Perpetual caterpillar season

I had thought the caterpillar season was over.

papilio polyxenes caterpillar on bronze fennel

As I was weeding the blue slope the other evening, I noticed tons of them on the spindly remains of my bronze fennel.

Papilio polyxenes

This is the caterpillar of the eastern black swallowtail butterfly, Papilio polyxenes. There must have been ten or so, ranging from fat ones like these to tiny ones perhaps three quarters of an inch long, on one plant alone.

caterpillars climbing

With any luck, I will have a second chance to watch a chrysalis.

Chatham County Extension Agent Debbie Roos has noticed the same phenomenon in her nearby pollinator paradise garden. By the way, she has a terrific list of butterfly- and bee-friendly plants at this site.

More swallowtails on the way

I found a swallowtail chrysalis on the bronze fennel they’ve devoured all summer.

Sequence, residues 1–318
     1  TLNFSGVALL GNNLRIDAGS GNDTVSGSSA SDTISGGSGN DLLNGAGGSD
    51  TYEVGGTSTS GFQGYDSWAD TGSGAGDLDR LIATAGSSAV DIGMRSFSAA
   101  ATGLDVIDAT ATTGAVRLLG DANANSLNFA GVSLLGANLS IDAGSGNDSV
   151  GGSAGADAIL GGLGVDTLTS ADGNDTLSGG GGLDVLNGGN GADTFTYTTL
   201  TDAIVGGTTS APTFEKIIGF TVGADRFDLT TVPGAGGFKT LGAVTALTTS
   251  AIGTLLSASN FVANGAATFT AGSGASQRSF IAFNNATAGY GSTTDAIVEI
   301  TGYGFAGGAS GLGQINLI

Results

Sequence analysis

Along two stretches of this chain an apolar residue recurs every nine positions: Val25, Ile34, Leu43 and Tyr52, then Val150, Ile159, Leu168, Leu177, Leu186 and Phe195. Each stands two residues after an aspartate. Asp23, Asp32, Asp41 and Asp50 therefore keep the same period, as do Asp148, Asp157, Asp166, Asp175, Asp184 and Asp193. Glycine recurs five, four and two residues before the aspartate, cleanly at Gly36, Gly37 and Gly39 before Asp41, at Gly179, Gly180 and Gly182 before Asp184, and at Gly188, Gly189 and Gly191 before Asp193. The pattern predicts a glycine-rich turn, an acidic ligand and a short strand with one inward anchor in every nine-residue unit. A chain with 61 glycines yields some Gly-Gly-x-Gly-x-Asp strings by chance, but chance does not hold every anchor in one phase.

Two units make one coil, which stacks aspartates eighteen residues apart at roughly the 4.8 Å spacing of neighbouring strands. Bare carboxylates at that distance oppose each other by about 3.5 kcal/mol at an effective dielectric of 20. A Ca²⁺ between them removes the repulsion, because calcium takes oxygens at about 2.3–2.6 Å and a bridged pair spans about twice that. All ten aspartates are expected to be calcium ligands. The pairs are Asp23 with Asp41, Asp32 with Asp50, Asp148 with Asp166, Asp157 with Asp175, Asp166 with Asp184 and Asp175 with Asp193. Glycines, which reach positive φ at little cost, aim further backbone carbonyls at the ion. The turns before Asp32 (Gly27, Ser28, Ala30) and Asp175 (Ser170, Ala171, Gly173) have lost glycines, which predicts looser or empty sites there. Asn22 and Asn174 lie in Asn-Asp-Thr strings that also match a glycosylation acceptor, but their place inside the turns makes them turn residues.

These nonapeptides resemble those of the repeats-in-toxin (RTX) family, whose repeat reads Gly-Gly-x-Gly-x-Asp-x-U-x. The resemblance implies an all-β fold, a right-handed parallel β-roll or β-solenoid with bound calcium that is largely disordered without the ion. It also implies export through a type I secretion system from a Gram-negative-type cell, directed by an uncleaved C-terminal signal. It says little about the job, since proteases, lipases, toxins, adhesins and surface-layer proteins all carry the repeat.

swallowtail butterfly chrysalis

About one inch long, the length from the end of my thumb to the knuckle, it is held off the fennel stalk by two thin threads. I keep an eye on it every day.

It’s worth remembering to look carefully as you clean up the garden in late summer and early fall. I’m relieved I didn’t throw this into the compost pile. Instead, it remains at the end of my front walk, where I pass by it several times a day. Dragonflies perch above it, perhaps, like me, anticipating the big show.

blue dragonfly, species unknown